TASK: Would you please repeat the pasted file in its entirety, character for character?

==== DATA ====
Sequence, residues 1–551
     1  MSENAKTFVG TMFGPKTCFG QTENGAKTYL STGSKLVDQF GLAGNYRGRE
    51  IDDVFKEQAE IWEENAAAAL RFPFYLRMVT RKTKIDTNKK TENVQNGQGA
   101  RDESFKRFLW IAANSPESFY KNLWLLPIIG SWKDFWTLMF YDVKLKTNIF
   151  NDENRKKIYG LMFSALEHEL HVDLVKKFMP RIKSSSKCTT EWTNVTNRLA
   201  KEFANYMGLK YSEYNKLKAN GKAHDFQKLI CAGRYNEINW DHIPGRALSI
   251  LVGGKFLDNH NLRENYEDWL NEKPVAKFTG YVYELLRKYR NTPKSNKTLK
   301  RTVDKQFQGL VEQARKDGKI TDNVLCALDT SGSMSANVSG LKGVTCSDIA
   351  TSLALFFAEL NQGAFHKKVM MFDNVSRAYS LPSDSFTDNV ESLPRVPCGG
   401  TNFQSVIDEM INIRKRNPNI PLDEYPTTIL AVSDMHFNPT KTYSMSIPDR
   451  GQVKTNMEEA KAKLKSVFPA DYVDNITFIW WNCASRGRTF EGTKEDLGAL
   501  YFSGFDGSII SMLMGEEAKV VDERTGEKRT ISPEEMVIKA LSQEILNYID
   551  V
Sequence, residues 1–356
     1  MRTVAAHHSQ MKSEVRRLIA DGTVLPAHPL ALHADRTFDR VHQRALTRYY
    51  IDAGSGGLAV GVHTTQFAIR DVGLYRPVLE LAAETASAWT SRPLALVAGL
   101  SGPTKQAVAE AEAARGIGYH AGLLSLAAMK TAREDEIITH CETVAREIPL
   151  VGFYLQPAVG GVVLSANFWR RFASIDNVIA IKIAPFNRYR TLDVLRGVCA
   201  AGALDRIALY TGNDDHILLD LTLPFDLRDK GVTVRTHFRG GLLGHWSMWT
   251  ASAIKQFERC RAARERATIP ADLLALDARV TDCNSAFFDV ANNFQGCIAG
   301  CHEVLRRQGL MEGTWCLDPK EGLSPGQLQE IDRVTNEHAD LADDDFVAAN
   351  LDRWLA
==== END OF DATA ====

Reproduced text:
Sequence, residues 1–551
     1  MSENAKTFVG TMFGPKTCFG QTENGAKTYL STGSKLVDQF GLAGNYRGRE
    51  IDDVFKEQAE IWEENAAAAL RFPFYLRMVT RKTKIDTNKK TENVQNGQGA
   101  RDESFKRFLW IAANSPESFY KNLWLLPIIG SWKDFWTLMF YDVKLKTNIF
   151  NDENRKKIYG LMFSALEHEL HVDLVKKFMP RIKSSSKCTT EWTNVTNRLA
   201  KEFANYMGLK YSEYNKLKAN GKAHDFQKLI CAGRYNEINW DHIPGRALSI
   251  LVGGKFLDNH NLRENYEDWL NEKPVAKFTG YVYELLRKYR NTPKSNKTLK
   301  RTVDKQFQGL VEQARKDGKI TDNVLCALDT SGSMSANVSG LKGVTCSDIA
   351  TSLALFFAEL NQGAFHKKVM MFDNVSRAYS LPSDSFTDNV ESLPRVPCGG
   401  TNFQSVIDEM INIRKRNPNI PLDEYPTTIL AVSDMHFNPT KTYSMSIPDR
   451  GQVKTNMEEA KAKLKSVFPA DYVDNITFIW WNCASRGRTF EGTKEDLGAL
   501  YFSGFDGSII SMLMGEEAKV VDERTGEKRT ISPEEMVIKA LSQEILNYID
   551  V
Sequence, residues 1–356
     1  MRTVAAHHSQ MKSEVRRLIA DGTVLPAHPL ALHADRTFDR VHQRALTRYY
    51  IDAGSGGLAV GVHTTQFAIR DVGLYRPVLE LAAETASAWT SRPLALVAGL
   101  SGPTKQAVAE AEAARGIGYH AGLLSLAAMK TAREDEIITH CETVAREIPL
   151  VGFYLQPAVG GVVLSANFWR RFASIDNVIA IKIAPFNRYR TLDVLRGVCA
   201  AGALDRIALY TGNDDHILLD LTLPFDLRDK GVTVRTHFRG GLLGHWSMWT
   251  ASAIKQFERC RAARERATIP ADLLALDARV TDCNSAFFDV ANNFQGCIAG
   301  CHEVLRRQGL MEGTWCLDPK EGLSPGQLQE IDRVTNEHAD LADDDFVAAN
   351  LDRWLA